You know, joy, foundational joy is very easy to start early on in our marriage is what happens for a lot of marriages is joy is hard to sustain you actually have to be proactive. It's like tending a garden you got pulled weeds got to work the soil little bit and you have to be a very purposeful about maintaining that joy that let me ask you this question because it is a great point because so often we feel like were waiting for joy like were at the fountain okays it cannot happen. We just went to Yellowstone saw Old Faithful kind of that moment right here waiting you're waiting you're waiting at bone. There is joy is at what we do. Too often in marriage, instead of cultivating it were waiting for a circumstance definitely dictate that you really were waiting were hoping were praying and we just sometimes wish that God would just zap us without full bottle of joy and in many times it's it's kind like Adam and Eve had to tend the garden, you know we have to tend the garden of our marriages tend to really sustain those low levels. What's critical about that. I want to make sure were hearing that it's not. It can be, but it's not exclusively an external thing that joy comes from within to and that's probably the most sustainable. We should probably define what we mean by joy because people are all over the place on that it did work for us from a brain perspective writer that is that your you know we have the right side and the left side of the brain. Joy is a right brain experience now are choosing our thinking on the left side of the brain's a lot of us are trying to think her way into joy and choose her way into joy but really joy is this reaction that we had to being was somebody's. A lot of times what happens marriages. I'm waiting for the other person to make me joyful instead of doing the things that cause us to be happy to be together. So what were doing enjoys were looking for more more reasons to be happy together more more ways to be happy together and because our brain reacts to that and so from a brain science perspective. It is always a relational word okay that's good and working to get to that throughout the program. Let me move to something you call the joint gap fed the positive side, I was thinking, joy, gap, Jean got it right away. I know exactly what they're talking about what's is joy gap while joy gap is simply the length of time between moments of sheer joy suffered some couples. It's like hours between if you've got out, if you're measuring your joy gap in hours you got a really good marriage.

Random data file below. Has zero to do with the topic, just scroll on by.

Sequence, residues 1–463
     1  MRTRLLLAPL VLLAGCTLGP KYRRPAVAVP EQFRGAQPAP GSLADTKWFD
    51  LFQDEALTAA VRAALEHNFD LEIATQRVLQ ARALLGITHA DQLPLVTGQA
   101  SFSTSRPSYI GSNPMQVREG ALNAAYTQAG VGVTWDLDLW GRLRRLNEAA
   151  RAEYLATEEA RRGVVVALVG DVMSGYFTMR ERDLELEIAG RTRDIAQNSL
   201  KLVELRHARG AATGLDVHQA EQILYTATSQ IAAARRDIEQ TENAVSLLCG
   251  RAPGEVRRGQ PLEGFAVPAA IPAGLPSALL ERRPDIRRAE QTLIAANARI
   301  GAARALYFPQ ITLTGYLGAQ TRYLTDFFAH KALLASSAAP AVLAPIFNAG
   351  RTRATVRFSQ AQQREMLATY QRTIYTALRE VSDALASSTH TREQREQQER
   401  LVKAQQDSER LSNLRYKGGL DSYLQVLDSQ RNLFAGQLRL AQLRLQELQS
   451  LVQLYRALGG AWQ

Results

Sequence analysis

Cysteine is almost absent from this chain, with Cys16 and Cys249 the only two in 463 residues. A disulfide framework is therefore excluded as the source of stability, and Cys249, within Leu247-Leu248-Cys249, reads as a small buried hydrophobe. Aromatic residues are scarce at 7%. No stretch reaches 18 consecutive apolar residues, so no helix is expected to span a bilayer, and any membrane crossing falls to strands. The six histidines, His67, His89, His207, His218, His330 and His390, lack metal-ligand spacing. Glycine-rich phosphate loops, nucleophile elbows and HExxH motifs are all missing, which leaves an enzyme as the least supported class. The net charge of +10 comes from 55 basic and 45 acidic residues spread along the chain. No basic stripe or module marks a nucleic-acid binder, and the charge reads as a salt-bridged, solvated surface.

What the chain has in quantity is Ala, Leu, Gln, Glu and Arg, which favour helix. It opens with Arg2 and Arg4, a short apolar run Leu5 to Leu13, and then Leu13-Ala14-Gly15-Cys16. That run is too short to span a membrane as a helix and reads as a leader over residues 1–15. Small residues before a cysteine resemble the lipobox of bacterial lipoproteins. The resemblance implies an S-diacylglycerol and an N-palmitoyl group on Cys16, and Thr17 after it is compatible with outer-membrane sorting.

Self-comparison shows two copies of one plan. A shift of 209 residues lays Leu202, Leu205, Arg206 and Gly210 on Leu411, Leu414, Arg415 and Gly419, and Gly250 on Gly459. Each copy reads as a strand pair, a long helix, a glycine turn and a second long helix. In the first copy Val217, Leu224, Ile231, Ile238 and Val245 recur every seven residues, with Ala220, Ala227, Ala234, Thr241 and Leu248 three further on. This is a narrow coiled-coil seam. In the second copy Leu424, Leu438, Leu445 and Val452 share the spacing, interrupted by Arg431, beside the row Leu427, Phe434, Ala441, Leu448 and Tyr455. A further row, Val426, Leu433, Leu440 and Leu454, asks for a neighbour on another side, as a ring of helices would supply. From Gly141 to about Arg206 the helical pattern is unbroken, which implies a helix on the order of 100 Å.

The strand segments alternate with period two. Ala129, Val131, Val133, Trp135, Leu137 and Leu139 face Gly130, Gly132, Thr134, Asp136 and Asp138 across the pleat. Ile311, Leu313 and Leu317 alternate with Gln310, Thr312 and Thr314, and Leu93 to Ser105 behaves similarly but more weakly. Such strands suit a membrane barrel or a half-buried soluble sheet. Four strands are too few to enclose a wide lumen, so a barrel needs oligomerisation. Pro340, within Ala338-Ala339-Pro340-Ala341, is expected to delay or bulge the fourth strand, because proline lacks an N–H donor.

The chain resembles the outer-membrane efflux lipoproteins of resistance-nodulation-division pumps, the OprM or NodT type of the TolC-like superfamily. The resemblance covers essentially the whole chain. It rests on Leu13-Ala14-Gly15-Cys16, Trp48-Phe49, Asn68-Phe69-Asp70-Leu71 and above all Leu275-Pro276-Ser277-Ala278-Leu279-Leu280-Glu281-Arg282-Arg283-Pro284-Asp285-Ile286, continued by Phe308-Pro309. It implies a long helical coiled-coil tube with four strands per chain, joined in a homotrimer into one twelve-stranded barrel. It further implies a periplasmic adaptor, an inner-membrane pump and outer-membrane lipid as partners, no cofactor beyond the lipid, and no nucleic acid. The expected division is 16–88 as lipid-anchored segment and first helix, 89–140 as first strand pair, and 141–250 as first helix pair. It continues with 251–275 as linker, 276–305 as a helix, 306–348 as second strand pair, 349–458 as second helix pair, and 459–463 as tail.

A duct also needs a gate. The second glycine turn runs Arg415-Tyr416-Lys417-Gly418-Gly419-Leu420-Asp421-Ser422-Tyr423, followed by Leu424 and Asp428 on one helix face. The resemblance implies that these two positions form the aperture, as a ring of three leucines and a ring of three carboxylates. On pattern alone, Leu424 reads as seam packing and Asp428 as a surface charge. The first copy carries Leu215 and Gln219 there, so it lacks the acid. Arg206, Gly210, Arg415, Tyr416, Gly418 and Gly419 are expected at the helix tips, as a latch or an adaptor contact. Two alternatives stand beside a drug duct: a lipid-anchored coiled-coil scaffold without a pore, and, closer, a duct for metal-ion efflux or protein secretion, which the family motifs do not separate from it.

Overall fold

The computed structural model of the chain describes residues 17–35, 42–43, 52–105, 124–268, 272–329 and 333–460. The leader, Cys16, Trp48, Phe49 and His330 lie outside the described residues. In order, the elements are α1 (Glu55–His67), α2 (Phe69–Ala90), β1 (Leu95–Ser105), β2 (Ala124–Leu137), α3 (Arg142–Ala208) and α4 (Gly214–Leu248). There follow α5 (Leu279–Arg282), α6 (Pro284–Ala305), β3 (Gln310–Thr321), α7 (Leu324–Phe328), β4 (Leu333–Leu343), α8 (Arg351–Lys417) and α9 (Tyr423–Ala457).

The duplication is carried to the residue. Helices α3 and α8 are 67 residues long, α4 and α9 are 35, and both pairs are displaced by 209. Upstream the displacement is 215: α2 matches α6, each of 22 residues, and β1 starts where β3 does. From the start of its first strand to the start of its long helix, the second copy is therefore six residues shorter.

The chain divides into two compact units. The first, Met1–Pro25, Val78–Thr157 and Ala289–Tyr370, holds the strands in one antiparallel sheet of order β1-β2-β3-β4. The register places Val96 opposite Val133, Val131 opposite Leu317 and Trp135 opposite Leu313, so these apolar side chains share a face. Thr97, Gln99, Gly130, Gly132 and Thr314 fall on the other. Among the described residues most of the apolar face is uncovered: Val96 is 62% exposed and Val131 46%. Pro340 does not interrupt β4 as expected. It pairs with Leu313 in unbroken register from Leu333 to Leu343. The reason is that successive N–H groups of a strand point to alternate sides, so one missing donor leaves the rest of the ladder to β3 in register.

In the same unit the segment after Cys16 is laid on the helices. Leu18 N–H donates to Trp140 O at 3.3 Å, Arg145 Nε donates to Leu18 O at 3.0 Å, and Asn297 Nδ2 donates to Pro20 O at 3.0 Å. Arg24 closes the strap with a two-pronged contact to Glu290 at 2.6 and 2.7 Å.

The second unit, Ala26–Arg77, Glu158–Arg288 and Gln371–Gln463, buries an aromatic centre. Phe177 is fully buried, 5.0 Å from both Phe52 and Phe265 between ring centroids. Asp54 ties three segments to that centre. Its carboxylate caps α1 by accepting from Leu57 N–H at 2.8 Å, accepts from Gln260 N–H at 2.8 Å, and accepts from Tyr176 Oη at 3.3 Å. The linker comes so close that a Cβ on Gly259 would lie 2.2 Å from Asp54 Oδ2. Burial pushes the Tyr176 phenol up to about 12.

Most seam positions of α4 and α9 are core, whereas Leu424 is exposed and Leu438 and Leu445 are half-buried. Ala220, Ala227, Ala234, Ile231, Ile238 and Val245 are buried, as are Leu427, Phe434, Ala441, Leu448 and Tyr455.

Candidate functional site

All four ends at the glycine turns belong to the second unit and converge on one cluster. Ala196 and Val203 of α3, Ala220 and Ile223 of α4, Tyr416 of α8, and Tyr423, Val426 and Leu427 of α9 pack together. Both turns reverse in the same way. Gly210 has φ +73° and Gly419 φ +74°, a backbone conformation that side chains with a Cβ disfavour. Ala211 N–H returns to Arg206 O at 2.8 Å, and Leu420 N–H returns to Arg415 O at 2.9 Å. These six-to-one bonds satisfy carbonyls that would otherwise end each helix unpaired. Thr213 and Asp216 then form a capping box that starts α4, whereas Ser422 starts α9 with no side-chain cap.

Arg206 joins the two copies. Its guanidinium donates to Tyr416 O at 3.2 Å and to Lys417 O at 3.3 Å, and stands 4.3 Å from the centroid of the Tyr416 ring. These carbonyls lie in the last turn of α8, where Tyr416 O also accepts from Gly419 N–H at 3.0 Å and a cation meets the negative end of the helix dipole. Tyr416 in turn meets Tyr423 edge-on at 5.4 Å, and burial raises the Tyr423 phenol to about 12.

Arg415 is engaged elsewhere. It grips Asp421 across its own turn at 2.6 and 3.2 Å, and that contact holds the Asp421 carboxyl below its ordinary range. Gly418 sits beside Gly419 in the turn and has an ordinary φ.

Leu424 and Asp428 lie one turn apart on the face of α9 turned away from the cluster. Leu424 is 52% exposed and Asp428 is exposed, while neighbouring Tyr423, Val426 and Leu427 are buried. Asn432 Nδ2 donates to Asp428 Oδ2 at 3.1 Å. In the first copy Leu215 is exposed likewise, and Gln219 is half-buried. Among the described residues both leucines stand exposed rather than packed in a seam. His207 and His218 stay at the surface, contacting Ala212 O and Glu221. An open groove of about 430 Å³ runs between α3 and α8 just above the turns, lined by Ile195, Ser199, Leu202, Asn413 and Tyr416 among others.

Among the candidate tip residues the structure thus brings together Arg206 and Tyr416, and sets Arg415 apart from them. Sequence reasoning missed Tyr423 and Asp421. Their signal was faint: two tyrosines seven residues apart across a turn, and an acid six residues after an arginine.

If you are measuring your meal the last time we share joy together was like a month ago there were some problems here week so that gap is how long is it been since we were both experiencing joy from being together and you and and Brenda have your white friend that you have. She's here. Yeah he told me to say is ours is a safe story that you could share as an example of this. Something your marriage may be struggled joy gap will we got part way into our marriage realized that we had a huge joy gap and was all those things were. I was oblivious to it because I was kind of a workaholic pastor and I thought of it and was fine because as long as there was enough wiring mess. I figured our marriage was fine and then you were managing I was managing the marriage, but I know I realized was that she was actually withering away from this lack of joy, because joy is the fuel in which the marriage runs and so there isn't enough joy going on there. She's going to feel like she's not important to me.
She's issues that are marriages actually withering and I'm not aware of it. So, we realize we need to do some things we can have this vocabulary back then but realize we need to do something so shrink this joy gap in our marriage and infuse it with more more relational joy and we started doing some things I've been using the basic things that you are always so like start date nights. What we did date nice but we would have fights on our date nights is very honest, I have because we knew it was we hadn't spent enough time really doing the kind of habits we talk about in this book that you need to develop in order for things like that to be successful is always good when authors write from their experience. Let me ask you, in terms of this.